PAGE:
Of all the stages of life that I have experienced, even the ones that I may still not have completed, given a touch of arrested development here and there, the one I find myself in now may be the most interesting and perhaps the most challenging.

These days I have many friends who have passed the test of time and become bonafide AARP members. With that distinction many have started to experience issues that come with later life, some not so pleasant — joint pain, hearing loss, memory lapse to name some of the conditions that descend upon all of us, and lo and behold some are slowly creeping into my purview. But there is also an experience that I will never have but that many of my friends are experiencing to their great joy: Grandparenting.

I have to say, though, that sometimes as they regale me with stories about what this grandchild or that grandchild did, the other effects of aging sometime interfere with the telling. They start the tale and I miss a word and ask a question and they look at me blankly and say, “What?” So I repeat the question and add where we were in the story and again they stare at me and say, “What were we talking about?”

But eventually we get back on track with the stories, and when I hear how one grandchild sneaked up and tackled my buddy or listen to another friend recall with pride watching his preschooler grandchild score four goals and then laughingly remark, “There was no goalie!” it reminds me of my time with my own grandfather.

My grandfather always had a few tricks up his sleeve. One was when I sat on his knees facing him, he would take both my hands by the wrists and gently make me slap myself in the face saying, “Why are you hitting yourself?” This would go on for a while to my utter amusement, and I didn’t want it to end.

Another one of his famous jokes was to hand out a coin and say, “Here’s a nickel, go out and play in the traffic.” Of course you wanted the nickel but the task as charged was hard to fathom.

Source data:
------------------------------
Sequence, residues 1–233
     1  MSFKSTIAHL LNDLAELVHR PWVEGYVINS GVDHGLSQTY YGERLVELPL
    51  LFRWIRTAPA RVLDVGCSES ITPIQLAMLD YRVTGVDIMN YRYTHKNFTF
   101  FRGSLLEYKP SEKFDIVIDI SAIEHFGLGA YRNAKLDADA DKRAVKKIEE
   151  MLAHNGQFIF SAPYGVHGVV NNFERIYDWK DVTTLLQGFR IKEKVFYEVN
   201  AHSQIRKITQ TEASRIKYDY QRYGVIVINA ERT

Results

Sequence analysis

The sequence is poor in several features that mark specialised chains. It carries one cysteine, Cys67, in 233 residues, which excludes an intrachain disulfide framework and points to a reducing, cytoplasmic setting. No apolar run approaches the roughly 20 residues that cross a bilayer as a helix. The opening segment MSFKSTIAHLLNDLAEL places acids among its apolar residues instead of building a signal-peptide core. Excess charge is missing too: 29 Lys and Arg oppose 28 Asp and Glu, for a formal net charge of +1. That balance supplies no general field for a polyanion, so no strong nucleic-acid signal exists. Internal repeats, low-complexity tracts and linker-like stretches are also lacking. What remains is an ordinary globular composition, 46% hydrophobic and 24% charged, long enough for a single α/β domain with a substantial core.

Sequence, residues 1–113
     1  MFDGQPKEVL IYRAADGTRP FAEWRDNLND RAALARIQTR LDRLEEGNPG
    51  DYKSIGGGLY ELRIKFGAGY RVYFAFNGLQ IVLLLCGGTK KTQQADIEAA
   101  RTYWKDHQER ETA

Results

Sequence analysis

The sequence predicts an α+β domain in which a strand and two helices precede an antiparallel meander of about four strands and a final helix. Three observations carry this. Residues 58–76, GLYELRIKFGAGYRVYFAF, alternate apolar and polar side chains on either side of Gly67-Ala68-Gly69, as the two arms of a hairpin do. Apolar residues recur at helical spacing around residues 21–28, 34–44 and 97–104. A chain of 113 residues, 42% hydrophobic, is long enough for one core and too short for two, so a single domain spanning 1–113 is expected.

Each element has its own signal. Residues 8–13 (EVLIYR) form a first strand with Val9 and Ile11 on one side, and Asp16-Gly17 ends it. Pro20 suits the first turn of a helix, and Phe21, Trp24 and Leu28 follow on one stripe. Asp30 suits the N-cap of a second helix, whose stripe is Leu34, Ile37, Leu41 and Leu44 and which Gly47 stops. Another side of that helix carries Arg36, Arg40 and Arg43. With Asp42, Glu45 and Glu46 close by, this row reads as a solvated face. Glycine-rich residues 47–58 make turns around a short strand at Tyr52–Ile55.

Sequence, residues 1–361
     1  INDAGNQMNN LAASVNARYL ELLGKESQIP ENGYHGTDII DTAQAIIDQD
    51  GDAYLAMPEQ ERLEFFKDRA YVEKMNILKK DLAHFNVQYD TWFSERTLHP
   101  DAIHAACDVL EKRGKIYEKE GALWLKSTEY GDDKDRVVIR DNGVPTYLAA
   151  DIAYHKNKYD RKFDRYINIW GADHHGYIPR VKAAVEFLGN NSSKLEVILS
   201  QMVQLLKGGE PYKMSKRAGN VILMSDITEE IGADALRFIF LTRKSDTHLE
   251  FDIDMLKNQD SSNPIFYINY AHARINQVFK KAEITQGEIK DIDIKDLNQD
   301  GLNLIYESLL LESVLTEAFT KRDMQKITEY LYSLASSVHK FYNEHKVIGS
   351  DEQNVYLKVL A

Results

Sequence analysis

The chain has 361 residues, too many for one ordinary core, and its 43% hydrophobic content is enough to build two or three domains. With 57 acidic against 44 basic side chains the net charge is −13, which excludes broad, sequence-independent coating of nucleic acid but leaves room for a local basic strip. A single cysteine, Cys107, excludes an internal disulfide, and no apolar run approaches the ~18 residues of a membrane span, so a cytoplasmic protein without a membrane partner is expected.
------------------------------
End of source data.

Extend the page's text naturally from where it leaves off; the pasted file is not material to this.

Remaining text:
Another aspect I enjoy hearing about from my friends is who the grandchildren are taking after. One kid takes up the piano from Grandma’s influence, another takes up sports like Grandpa. In my case, I was influenced by a great-grandfather to go to sea and by the grandfather with the coins to take up music.

It would be nice to be around long enough to see this generation grow and change, a thought I am sure all my friends have which makes them want to spend as much time as possible with their grandkids. There may be no greater love than that of a grandparent to their grandkids, and vice versa.

So there is a joy hearing about the experiences these friends are having with their progeny. It’s a pleasure to hear the re-runs even though I know memory lapse is at play. Navigating the challenge of seeing some friend’s faculties degrade, the challenges of communicating, repeating simple things, like where we are heading, what we were doing, aren’t an imposition. They only show me what I may have to face as I slowly, though not begrudgingly, reach the truly elder years.

This experience has also provided me with a good slogan for my roofing and siding endeavors: “Old timer roofing and siding, we’ve been at it for so long that . . . Um . . . ah . . . what were we talking about?”

Joe Keenan is a roofer, baker and musician living in West Tisbury.